So I’m disappointed by the outcome of the vote in North Carolina. Most of you who know me personally were probably expecting some sort of pithy slam at North Carolina voters, but when it comes to politics I find emotion to be rather akin to putting lipstick on a pig – it’s pointless, ineffective, and it annoys the pig. It also explains why a certain muppet is always so tightly wound.
It got me thinking about what’s wrong with this country. No, I’m not talking about palazzo pants, or New Jersey, or the fact that anybody still takes what Madonna does seriously – I’m talking about the fact that somebody decided that democracy was about letting governments put civil rights initiatives up to a public vote. It seems to be the prevailing idea in these United States that the pool of civil rights to be had is limited, and that awarding more civil rights to more people somehow depletes the pool and requires that other rights be taken away to compensate.
Funny how North Carolina should consider items of such importance should be left to a vote, when there doesn’t seem to be a high opinion of the practice. The 19th Amendment to the Constitution (the one that allowed women to vote) was ratified by the requisite number of states in 1920. North Carolina, however, did not get around to officially ratifying the Amendment until 1971 (although stragglers are apparently not uncommon; Mississippi did not ratify the 13th Amendment, which outlawed slavery, until 1995). Of course, the Amendments were certified as law long before that, but it’s the principle, right?
But back to the original thesis. How fair is it, really, for the rights of a few people to be decided by the majority who, as much as they might say their own rights will be somehow compromised, are really quite unaffected by either outcome? I’ve heard wonderfully philosophical, well-argued rebuttals such as:
Religious institutions will be required to perform gay weddings. Sorry kids, that ain’t how it works. The state only determines who can get married. No state requires any private, religious officiant (who is not a public official, who is paid with public funds to provide public services to all citizens) to perform a wedding ceremony against their personal beliefs, or even their own free will. Just ask the Catholic Church – there’s a whole laundry list of people they won’t marry, and it’s perfectly legal for them to refuse. No change. Next Argument.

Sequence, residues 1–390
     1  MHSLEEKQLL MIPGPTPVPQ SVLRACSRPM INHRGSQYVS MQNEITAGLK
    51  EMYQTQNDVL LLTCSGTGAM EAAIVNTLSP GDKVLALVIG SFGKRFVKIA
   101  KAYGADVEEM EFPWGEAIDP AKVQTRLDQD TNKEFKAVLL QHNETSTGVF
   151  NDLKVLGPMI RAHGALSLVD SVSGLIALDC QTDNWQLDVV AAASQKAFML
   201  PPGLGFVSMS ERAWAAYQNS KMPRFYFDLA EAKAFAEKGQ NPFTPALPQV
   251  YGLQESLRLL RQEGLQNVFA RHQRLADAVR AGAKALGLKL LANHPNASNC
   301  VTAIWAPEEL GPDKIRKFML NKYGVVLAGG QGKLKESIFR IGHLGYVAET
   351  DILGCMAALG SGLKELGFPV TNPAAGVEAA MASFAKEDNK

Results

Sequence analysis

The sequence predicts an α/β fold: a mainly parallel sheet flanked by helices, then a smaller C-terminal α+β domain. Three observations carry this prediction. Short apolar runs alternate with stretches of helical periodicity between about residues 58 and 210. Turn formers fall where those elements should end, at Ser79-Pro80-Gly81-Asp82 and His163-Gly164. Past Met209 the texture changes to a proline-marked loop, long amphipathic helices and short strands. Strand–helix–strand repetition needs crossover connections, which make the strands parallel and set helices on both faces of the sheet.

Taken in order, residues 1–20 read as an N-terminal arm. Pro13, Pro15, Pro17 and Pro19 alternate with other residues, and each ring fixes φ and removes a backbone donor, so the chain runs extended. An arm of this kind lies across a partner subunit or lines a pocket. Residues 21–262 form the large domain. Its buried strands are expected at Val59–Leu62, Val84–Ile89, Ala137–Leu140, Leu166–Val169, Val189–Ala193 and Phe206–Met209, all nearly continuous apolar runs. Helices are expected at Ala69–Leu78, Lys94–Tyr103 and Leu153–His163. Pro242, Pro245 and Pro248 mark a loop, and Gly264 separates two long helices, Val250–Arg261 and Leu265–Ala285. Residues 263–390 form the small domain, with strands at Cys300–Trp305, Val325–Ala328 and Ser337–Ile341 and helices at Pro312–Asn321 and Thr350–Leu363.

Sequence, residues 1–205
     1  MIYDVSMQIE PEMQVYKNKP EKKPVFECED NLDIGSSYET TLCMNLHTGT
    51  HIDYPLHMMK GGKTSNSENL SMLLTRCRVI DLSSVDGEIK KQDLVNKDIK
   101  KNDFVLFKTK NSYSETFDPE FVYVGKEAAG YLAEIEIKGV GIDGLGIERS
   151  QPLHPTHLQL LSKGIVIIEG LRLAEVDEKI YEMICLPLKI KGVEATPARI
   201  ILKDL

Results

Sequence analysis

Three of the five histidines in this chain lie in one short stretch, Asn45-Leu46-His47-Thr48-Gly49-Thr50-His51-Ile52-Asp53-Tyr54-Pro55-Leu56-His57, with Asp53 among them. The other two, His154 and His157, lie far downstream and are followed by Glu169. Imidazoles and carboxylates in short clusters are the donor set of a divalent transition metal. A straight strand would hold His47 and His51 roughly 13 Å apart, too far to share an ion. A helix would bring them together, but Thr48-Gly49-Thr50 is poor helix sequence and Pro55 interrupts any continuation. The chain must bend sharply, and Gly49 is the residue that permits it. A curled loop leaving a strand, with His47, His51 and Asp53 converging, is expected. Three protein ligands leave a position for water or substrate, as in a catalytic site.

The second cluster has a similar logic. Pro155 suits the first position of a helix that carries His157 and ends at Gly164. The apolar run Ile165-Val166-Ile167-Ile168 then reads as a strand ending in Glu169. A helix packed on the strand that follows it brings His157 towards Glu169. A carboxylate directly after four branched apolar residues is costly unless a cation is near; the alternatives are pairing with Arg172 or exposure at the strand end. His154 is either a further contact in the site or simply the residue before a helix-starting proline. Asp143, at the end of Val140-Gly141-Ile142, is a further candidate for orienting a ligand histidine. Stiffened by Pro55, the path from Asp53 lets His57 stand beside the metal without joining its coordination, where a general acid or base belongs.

I don’t want the government forcing schools to teach my children that the gay lifestyle is normal. Because the free education provided by the government is meant to be all-encompassing and completely tailored to the vastly differing religious and moral beliefs of each individual family. Shit, no. The most controversial topic we got into in health and social studies when I was in school was why girls sometimes take their backpack with them when they go to the bathroom. Our biology teacher even had to preface the whole Evolution thing with “We understand you may not believe this, but you have to learn what the theory says, so kwitcherbitchen, A’ight?”
And my personal favorite, “Well next people will want the right to marry their animals.” ‘Cause that happens every day, and I’ll bet my ABBA collection that when it does happen, it’s ironically some low-level bureaucrat in North Carolina who takes that infosession question. Seriously, where do they come up with this stuff? Dogs are not people, and cannot enter into civil contracts. You know who else can’t enter into civil contracts? Minors. But North Carolina allows citizens as young as 14 to be married with parental consent.
Oh, fine, NC, so I can’t have my civil rights and eat them too. I’ll just wait. And some day, when we’re older and gay marriage has been legal forever, somebody from Raleigh or Charlotte or Fayetteville is going to come up to me and say “I don’t know what we were thinking back then, we were such ignorant assholes.”
And I’ll say “I know. I can’t believe I bought Madonna’s new album either.”